THE WAY TO THE PERFECT FRAME
This is how you design your ideal picture frame
A picture frame fulfills many tasks. It supports the effect of the picture and should help it to unfold its full effect. However, the picture itself is always in the foreground and its meaning should only be emphasized. A suitable picture frame can also be described as the perfect stage for your picture. The picture and frame merge into a unity and a symbiotic relationship is created. The right frame supports the effect of your picture optimally by choosing the right colour, material and size.
But it's not just the appearance that plays a major role; the right frame should also fully meet conservational requirements. Fingerprints, dust, ultraviolet light, humidity, theft or awkward handling endanger the object, therefore the frame takes on the task of protecting it from negative influences in the best possible way and thus preserving its cultural and financial value.
Finding the right frame is often not easy, because many factors play a decisive role. To make your decision a little easier, we have put together a way for you to orient yourself - the goal: the perfect frame.
1. The type of presentation
2. Design tips
3. The passepartout
4. The size
5. The place
6. The material
7. The colour of the frame
7.1. The brightness
7.2. The paper
7.3. The colour of the motif
7.4. The colour of the distance strips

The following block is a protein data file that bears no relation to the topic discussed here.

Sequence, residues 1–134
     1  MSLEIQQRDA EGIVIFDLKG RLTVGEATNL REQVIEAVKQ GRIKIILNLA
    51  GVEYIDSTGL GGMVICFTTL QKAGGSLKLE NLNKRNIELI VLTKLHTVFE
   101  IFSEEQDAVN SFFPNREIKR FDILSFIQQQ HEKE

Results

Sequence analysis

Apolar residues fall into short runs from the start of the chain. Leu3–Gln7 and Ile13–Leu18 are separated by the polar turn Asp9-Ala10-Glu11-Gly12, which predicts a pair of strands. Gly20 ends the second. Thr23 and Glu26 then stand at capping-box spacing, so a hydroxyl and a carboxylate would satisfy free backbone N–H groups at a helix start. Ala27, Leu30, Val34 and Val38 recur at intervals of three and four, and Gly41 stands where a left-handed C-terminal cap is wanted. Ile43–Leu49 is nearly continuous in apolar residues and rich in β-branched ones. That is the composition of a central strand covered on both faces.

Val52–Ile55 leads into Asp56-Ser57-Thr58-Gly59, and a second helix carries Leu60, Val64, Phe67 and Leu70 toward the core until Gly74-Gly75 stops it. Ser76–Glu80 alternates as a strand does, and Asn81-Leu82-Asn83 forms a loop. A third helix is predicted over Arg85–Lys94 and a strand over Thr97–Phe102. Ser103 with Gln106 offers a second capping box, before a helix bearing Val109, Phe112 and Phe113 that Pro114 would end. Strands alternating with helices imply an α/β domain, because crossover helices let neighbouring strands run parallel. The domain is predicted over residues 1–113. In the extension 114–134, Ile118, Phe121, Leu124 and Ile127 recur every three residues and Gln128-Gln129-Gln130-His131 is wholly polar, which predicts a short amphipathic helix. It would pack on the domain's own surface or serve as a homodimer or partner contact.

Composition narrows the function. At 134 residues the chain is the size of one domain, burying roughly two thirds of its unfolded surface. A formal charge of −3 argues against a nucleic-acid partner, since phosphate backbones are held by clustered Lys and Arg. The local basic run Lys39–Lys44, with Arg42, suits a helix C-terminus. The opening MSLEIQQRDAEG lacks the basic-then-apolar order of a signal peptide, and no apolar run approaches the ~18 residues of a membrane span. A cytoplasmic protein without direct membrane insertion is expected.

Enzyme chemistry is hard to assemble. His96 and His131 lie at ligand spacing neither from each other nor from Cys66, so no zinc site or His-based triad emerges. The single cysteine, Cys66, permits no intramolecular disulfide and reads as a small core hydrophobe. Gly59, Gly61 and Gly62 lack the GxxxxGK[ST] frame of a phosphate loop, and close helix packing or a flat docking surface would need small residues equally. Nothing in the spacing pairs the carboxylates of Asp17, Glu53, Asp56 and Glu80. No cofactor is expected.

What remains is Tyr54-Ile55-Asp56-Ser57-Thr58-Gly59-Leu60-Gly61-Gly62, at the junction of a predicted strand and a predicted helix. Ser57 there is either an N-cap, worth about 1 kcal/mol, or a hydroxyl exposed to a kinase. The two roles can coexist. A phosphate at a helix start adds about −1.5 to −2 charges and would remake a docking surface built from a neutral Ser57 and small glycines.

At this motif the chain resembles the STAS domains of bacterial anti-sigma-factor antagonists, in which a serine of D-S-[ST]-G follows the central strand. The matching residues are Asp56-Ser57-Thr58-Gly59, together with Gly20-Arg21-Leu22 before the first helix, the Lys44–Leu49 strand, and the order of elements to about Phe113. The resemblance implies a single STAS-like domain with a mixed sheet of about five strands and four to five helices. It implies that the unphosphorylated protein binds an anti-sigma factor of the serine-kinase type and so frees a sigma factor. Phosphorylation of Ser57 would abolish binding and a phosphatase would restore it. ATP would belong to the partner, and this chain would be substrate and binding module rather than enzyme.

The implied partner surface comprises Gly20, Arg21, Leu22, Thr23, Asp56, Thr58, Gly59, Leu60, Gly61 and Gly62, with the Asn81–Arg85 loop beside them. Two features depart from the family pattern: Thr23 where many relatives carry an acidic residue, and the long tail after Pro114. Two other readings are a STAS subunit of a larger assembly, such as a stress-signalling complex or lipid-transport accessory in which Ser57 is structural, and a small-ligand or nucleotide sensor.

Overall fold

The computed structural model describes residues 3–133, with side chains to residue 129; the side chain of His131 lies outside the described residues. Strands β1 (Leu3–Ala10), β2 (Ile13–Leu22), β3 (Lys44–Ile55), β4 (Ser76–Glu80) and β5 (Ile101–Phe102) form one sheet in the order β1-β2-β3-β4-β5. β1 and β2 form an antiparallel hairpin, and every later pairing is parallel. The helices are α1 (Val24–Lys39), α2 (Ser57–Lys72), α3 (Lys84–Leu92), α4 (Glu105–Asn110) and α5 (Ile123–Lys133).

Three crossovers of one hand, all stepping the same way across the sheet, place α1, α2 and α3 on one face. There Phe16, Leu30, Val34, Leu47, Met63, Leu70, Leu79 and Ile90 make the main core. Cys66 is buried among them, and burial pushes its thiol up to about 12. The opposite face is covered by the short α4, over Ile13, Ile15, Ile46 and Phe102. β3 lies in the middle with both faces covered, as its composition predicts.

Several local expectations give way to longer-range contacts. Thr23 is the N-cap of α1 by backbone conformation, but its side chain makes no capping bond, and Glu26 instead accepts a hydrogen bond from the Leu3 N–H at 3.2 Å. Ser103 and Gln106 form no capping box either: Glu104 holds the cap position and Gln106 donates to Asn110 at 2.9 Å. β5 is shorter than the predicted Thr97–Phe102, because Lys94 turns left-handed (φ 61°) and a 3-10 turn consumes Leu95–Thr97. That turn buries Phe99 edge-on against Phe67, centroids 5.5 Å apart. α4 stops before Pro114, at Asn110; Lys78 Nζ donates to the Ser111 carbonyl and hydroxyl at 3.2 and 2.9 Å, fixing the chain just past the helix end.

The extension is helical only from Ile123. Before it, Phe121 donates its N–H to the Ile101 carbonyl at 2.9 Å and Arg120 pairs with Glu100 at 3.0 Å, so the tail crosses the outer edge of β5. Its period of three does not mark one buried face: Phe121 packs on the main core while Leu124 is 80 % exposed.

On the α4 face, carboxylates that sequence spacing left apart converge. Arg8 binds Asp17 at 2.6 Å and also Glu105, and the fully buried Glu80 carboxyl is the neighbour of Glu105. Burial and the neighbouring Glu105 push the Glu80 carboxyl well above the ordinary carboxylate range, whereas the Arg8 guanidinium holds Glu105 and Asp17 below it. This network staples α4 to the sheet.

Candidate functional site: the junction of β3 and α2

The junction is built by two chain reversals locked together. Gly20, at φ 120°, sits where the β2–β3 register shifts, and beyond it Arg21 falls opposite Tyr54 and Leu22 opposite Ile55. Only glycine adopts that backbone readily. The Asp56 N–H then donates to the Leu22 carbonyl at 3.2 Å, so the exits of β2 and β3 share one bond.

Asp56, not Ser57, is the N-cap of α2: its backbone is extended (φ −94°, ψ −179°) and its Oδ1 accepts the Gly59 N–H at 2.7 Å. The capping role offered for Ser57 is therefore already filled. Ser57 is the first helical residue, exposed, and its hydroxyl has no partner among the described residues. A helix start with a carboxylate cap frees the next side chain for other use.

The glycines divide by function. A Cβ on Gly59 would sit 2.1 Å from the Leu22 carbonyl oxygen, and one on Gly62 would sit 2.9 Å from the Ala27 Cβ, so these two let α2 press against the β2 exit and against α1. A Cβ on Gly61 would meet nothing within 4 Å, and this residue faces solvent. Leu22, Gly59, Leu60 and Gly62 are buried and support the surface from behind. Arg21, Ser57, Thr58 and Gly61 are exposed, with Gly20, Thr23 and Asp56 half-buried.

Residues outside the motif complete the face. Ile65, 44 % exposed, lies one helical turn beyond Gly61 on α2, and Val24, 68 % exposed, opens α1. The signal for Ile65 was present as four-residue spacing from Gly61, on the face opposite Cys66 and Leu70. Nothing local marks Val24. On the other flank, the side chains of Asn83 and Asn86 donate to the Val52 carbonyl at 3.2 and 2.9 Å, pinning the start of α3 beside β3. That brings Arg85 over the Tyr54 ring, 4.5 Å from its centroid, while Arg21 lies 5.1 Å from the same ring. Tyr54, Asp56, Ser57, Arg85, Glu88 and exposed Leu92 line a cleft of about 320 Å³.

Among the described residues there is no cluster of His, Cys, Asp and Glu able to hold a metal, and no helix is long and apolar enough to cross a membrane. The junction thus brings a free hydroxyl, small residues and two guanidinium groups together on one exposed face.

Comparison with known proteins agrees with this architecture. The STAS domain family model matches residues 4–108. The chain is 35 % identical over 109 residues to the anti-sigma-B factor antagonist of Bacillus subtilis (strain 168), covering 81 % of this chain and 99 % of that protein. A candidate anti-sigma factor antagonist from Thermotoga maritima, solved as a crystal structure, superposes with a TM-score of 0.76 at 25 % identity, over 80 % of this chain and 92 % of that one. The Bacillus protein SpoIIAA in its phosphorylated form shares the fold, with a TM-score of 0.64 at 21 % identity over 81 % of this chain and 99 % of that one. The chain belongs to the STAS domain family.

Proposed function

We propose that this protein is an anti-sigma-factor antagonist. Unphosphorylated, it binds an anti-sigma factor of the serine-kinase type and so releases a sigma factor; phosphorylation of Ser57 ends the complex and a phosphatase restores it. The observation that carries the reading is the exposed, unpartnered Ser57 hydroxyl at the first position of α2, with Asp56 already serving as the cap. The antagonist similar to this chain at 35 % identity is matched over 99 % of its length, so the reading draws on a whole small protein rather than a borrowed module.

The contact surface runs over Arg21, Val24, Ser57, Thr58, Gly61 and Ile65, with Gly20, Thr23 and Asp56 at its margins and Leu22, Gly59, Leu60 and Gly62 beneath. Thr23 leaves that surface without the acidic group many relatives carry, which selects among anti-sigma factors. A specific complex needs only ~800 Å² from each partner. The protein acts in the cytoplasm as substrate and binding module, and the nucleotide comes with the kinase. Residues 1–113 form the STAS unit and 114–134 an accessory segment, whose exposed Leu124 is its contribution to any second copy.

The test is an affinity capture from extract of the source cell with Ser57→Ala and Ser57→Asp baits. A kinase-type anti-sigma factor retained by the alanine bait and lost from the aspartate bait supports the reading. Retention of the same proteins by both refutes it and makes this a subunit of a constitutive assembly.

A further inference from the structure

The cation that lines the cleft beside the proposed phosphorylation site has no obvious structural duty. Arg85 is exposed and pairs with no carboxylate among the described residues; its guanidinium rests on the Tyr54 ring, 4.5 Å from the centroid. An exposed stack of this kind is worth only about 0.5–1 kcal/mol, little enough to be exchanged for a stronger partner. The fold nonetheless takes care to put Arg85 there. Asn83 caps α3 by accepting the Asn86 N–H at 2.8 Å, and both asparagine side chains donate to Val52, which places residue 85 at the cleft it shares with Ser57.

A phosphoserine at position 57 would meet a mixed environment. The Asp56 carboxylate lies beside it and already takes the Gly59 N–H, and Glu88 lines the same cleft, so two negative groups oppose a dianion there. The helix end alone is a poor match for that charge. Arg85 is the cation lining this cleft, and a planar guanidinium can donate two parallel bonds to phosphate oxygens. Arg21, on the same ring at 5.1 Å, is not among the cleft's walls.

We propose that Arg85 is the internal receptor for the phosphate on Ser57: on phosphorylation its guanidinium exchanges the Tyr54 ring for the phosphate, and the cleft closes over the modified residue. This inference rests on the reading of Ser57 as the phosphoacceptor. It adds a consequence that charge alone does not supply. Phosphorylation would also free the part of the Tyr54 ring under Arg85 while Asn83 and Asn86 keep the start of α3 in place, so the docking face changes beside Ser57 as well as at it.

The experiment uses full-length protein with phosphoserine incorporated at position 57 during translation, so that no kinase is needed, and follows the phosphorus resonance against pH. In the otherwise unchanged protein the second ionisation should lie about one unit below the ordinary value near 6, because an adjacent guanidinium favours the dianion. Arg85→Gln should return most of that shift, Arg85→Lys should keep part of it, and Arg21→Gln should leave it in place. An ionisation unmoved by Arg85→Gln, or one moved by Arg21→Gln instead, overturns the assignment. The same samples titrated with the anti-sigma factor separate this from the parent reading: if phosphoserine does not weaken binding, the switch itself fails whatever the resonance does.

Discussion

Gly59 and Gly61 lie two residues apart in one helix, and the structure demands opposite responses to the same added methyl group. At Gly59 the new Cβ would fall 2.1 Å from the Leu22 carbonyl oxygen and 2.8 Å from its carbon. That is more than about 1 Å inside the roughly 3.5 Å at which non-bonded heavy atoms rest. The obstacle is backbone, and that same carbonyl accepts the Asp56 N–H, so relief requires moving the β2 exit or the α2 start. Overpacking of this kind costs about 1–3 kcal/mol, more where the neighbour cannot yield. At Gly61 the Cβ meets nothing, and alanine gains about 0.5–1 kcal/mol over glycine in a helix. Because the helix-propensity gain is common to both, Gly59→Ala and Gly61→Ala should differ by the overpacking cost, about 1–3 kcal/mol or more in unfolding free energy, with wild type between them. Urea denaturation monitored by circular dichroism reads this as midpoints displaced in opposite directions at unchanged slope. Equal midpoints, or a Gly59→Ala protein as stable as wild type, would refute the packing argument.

8. Profile/strip cross section
9. The glass
10. The insertion depth
At first the type of image presentation must be determined. The possibilities are as numerous as the pictures themselves. Just as versatile are the mounting options for the pictures in the picture frame. The desire to present one's own picture, the material of the object and one's own demand for value retention require different craftsmanship.
The following types of presentation are possible:
The picture lies completely in the picture frame. Usually, the Classic magnetic frame is used, or alternatively, the Conservo magnetic frame for higher conservation requirements. To achieve a special depth effect, select the Distance magnetic frame.
The picture is smaller than the frame and is surrounded by a passepartout and slightly pressed on. Usually the Classic magnetic frame is used here. For a special conservation requirement, select the Conservo magnetic frame. The special depth effect is achieved with the Distance magnetic frame.